Re: Transhuman VRML world, etc.

James Rogers (
Mon, 09 Dec 1996 13:46:59 -0800

At 05:03 PM 12/8/96 -0600, you wrote:
>> Since the the more advanced simulations will suck more server
>> time, it would make sense that we have some way of allocating
>> resources according to people's ability to effectively use them. It might
>> even prove an interesting exercise in a completely
>> laissez-faire system - people can gain credits for building a cool addition
>> to the world and charging admission
>Ah, the quota battles begin! Quota on LambdaMOO was handled, last time
>I checked, by the ARB - the Architecture Review Board, I think it was.
>Ironically, arbitration is handled by the mediation system, which is
>totally unrelated to the ARB.
>Again from personal experience, I'd say there are three important things
>to remember about server-side resources:
>1) When a better solution comes along, enforce it.
> If LambdaMOO wasn't using their old obsolete systems it would cut
>usage in half and lag would go down 95%.
>2) Keep only active areas in active memory.
> On LambdaMOO, EVERYTHING is kept in RAM. As opposed to WorldMOO,
>things like help systems can be kept on disk.
>3) Track the usage of actual resources.
> LambdaMOO used to have an object quota; you got twenty objects. This
>encouraged huge monolithic programming; there was no restraint on the
>number of methods on an object or how long those methods were.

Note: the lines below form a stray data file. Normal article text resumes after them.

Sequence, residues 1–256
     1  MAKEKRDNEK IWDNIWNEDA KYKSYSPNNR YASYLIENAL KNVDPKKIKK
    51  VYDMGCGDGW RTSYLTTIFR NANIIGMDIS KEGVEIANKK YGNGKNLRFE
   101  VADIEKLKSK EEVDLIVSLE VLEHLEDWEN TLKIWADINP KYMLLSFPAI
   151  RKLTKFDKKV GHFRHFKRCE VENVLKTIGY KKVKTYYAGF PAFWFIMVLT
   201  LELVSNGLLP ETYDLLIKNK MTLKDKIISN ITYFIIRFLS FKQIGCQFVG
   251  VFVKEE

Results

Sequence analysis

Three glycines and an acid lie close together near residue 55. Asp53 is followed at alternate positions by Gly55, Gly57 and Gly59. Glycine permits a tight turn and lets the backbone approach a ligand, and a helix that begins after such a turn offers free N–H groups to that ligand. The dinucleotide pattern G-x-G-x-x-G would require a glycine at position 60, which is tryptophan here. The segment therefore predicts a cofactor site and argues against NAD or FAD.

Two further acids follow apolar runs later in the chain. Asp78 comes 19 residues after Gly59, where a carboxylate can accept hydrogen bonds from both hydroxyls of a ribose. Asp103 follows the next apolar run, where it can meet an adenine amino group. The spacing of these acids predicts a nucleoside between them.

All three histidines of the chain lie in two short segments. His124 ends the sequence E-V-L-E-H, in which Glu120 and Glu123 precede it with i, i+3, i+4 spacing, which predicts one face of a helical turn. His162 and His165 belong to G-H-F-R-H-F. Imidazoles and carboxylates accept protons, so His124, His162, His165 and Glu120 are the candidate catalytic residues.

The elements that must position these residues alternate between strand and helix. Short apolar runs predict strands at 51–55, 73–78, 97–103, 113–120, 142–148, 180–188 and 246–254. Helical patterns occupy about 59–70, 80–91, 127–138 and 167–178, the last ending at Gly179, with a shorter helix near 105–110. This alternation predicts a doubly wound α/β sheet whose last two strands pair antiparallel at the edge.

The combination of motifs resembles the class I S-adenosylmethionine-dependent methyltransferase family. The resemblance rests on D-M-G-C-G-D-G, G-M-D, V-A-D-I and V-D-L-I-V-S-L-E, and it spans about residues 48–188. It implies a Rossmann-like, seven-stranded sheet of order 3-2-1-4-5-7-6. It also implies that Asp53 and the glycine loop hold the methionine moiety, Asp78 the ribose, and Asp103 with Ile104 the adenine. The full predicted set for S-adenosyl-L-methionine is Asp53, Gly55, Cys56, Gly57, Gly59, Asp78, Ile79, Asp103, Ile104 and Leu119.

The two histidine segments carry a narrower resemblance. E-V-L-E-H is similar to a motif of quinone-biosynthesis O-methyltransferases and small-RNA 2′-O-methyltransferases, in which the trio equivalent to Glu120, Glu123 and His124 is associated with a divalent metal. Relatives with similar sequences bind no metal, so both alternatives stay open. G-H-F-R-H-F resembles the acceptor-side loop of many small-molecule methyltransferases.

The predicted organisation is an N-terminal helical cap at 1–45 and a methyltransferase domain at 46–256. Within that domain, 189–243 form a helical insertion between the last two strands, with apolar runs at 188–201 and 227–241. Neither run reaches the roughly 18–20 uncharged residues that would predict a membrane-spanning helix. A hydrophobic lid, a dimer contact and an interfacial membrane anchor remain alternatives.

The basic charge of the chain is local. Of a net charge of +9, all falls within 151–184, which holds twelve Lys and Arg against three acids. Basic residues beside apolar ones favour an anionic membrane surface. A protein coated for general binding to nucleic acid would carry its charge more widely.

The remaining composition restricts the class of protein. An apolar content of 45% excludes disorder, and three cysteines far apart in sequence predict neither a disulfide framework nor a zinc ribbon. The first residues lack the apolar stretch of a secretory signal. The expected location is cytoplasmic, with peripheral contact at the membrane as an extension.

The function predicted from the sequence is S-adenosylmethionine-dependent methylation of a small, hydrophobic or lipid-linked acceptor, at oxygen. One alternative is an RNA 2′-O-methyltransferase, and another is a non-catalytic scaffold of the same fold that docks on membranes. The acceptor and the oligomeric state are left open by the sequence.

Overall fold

>Object-oriented programmers were penalized because they could only use
>one object.
> By the time they switched over to tracking bytes, the damage was done.
>All the core systems were these ridiculously large monoliths - I believe
>that an advanced old-style room cost 20K of OVERHEAD.
> They still don't track CPU usage and as a result, command-line orders
>can take from 8 to 60 seconds to execute, with around 20 being around
>average. This is because the system is so OVERLOADED with these
>gigantic monoliths.
>Overall, I'd say introduce a system where:
>1) A guy gets X bytes of RAM, Y bytes of disk space, and Z CPU
>2) The core architecture is laid out by a programmer who breathes the
>programming language being designed in. Java is not C or even C++; make
>sure the world-builder knows that.

The core architecture cannot be done in Java. Server-side Java is simply
too slow, even on a fast machine, to handle more than a relatively small
number of clients. Fortunately, a number of methods and systems are
emerging that allow Java objects to interface with C/C++ software at
runtime. Obviously, there will be significant requirements that require the
inclusion of Java, but they should only be used where absolutely necessary.

The type of systems we are discussing will probably require a semi-custom
server side engine of fairly high complexity. AFAIK, there is no existing
engines or models of this type that would adequately meet the needs of this

How many simultaneous users are we targeting? This makes a big difference
in terms of architecture.

-James Rogers